The Environmental Protection Agency (EPA) wants to ensure that everything is bigger in Texas, including the state’s electricity rates and unemployment lines.
On July 7, the EPA adopted a rule to place even more stringent regulations on sulfur dioxide emissions that could shut down the use of lignite coal in Texas.
EPA Administrator Lisa Jackson assured Texans that their economy and coal production would be just fine:
Texas has an ample range of cost-effective emission reduction options for complying with the requirements of this rule without threatening reliability or the continued operation of coal-burning units, including those that burn lignite from local mining operations.
Kathleen Hartnett White, director of the Armstrong Center for Energy and Environment at the Texas Public Policy Foundation, strongly disagrees. She wrote in the Dallas Morning News (subscription required):
Retrofitting plants that now use lignite would involve three to four years of engineering, fabrication, boiler re-construction, new rail construction and complex new permits—at multi-billion dollar costs. Texas electric companies recently testified to the Texas Public Utility Commission that the rule may force closure of plants and limited operations of other plants.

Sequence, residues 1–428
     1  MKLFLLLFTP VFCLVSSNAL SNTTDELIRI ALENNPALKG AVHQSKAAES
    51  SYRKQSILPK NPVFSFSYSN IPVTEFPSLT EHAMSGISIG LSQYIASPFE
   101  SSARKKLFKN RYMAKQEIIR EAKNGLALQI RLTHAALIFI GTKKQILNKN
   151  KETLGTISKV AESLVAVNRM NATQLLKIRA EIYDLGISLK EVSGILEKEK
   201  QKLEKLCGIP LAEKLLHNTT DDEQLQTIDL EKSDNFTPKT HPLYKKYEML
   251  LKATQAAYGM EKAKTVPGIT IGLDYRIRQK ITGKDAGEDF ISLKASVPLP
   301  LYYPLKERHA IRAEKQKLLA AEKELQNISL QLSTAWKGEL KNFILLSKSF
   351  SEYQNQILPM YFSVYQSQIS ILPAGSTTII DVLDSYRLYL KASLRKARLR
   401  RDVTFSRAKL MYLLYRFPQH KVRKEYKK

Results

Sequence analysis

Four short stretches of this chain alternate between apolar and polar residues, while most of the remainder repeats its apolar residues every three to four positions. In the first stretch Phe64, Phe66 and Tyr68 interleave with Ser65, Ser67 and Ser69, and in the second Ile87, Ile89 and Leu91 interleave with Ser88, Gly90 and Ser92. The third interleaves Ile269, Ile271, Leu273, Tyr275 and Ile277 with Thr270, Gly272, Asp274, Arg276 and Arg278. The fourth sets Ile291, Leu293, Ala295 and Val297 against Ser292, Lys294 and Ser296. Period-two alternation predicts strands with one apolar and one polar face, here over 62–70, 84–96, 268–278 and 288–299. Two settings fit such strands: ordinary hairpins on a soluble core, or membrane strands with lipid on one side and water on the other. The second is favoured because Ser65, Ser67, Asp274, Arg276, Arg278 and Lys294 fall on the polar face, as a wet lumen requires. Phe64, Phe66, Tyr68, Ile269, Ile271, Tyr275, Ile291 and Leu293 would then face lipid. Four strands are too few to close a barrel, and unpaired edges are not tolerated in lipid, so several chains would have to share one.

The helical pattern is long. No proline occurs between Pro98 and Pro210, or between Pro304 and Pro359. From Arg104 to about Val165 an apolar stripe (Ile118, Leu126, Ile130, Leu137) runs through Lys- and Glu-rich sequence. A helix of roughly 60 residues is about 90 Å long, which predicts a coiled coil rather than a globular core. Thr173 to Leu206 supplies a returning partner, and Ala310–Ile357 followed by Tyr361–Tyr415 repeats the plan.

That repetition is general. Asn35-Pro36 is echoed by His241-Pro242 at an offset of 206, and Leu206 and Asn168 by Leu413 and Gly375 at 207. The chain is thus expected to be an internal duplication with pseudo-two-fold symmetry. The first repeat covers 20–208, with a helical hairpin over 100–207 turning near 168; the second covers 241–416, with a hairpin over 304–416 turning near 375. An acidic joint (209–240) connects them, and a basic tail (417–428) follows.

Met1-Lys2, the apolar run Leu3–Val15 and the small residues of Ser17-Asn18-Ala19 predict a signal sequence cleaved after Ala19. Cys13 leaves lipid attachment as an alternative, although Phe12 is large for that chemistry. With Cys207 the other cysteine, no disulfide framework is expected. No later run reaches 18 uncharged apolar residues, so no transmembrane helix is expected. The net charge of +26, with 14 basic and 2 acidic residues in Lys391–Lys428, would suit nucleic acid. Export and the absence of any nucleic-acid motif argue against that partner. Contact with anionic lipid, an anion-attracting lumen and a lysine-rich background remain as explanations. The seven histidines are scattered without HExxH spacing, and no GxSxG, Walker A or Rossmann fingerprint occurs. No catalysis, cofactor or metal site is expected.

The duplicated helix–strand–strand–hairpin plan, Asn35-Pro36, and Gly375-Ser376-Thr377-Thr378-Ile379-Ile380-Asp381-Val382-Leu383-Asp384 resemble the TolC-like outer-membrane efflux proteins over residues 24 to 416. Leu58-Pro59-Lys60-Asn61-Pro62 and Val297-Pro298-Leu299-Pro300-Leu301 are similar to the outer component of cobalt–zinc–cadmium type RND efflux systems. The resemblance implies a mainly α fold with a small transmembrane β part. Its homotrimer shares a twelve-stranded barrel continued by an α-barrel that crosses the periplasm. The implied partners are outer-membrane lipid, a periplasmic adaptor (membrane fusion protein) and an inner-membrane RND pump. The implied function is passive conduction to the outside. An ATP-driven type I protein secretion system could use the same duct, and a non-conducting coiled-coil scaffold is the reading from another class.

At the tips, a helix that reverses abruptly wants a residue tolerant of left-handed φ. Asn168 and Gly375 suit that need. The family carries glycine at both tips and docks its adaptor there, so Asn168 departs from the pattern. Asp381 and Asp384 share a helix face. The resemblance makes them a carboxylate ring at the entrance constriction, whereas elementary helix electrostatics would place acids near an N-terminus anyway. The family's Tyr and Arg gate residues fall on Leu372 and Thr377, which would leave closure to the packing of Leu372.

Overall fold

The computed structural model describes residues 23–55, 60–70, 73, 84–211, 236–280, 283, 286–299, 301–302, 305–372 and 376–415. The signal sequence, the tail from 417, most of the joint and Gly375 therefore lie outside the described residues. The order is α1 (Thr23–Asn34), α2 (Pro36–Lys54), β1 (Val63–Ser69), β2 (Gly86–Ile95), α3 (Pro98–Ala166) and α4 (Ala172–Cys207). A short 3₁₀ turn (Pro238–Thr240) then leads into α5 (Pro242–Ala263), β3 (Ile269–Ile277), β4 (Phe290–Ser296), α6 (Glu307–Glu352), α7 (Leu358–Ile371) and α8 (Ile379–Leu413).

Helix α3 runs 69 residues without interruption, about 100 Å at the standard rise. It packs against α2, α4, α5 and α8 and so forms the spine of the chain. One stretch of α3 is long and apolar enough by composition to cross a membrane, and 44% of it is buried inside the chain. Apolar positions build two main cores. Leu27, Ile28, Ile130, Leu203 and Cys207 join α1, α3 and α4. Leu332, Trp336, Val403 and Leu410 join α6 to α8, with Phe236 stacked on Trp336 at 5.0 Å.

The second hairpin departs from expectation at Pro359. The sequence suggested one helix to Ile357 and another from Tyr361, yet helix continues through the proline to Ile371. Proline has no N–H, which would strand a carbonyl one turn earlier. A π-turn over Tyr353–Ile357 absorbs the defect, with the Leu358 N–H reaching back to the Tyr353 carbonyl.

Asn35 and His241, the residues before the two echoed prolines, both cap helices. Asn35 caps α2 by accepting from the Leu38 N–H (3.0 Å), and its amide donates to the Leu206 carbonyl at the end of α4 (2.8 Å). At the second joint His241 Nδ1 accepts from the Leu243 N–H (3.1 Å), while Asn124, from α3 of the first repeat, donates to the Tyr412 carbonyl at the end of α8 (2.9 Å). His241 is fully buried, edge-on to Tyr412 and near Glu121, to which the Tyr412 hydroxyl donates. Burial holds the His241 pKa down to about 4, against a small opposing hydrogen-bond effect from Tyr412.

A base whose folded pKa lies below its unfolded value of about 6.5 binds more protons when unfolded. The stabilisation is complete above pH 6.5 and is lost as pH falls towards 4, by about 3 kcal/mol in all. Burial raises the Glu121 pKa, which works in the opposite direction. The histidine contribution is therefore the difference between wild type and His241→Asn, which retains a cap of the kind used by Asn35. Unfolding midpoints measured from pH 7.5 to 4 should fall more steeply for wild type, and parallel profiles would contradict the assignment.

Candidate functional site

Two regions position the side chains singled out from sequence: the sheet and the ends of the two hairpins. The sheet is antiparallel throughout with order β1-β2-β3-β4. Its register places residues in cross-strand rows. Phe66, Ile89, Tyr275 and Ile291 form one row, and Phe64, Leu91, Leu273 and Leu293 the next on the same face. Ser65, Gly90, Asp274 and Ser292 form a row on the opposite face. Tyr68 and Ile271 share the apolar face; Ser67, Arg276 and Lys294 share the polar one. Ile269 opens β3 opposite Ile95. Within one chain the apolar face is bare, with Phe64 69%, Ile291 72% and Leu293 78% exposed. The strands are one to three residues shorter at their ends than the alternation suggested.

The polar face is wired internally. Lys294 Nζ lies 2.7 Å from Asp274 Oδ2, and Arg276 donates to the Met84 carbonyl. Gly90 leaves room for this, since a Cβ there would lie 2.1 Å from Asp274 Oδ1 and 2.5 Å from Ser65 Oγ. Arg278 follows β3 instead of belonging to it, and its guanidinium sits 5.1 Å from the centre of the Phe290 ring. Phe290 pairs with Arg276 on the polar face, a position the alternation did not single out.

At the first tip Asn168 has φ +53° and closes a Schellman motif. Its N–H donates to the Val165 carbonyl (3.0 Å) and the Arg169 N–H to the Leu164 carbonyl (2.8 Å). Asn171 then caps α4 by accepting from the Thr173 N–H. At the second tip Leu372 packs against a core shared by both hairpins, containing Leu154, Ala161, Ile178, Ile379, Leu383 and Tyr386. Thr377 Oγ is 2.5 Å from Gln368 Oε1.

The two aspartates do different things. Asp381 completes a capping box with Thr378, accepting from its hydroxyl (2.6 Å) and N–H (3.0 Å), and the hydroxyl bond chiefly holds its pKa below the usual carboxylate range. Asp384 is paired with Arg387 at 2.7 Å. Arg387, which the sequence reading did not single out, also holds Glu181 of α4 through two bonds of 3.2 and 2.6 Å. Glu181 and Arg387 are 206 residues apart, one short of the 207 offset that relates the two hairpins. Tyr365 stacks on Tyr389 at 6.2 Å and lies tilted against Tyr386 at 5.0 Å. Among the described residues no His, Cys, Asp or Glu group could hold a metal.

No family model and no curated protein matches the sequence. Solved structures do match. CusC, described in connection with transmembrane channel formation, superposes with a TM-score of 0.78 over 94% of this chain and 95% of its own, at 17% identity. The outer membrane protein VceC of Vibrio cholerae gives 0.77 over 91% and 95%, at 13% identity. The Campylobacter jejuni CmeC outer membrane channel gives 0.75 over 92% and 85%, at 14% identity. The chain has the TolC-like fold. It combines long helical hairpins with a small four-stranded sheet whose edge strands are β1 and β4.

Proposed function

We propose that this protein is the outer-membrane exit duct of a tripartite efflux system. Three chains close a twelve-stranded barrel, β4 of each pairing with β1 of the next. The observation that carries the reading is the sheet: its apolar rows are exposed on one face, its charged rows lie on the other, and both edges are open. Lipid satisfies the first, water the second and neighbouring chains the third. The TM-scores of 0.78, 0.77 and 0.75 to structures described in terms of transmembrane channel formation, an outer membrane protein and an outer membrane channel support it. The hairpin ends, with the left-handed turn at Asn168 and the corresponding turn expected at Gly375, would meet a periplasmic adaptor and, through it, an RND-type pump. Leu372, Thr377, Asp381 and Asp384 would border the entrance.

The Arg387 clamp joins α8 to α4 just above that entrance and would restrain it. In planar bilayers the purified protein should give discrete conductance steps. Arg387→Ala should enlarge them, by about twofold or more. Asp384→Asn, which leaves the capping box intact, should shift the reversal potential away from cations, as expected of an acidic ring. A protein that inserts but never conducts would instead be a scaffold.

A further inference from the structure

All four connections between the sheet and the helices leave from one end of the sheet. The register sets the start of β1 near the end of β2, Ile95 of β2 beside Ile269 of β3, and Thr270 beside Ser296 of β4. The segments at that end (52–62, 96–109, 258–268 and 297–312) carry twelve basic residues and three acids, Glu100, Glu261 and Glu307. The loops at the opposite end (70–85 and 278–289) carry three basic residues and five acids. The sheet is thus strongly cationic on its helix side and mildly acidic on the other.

About 11 percent of electricity in Texas comes from lignite coal, and overall, plants in Texas cut sulfur dioxide emissions by 33 percent in the last decade alone. White also points out:
Directly and indirectly, lignite mining supports 10,000 to 14,000 jobs and is the lifeblood of the local tax base and business in many Texas communities. Lignite contributes $1.3 billion to the state’s economy and $71 million to state revenues.
When President Obama said electricity rates would necessarily skyrocket as a result of his cap-and-trade system, he also said, “So if someone wants to build a coal power plant, they can, it’s just that it will bankrupt them because they are going to be charged a huge sum for all that greenhouse gas that’s being emitted.”
While cap and trade never became law, President Obama is making good on his promise to find other ways to skin the cat. He’s also making good on his promise to bankrupt coal, and he’s destroying jobs in the process.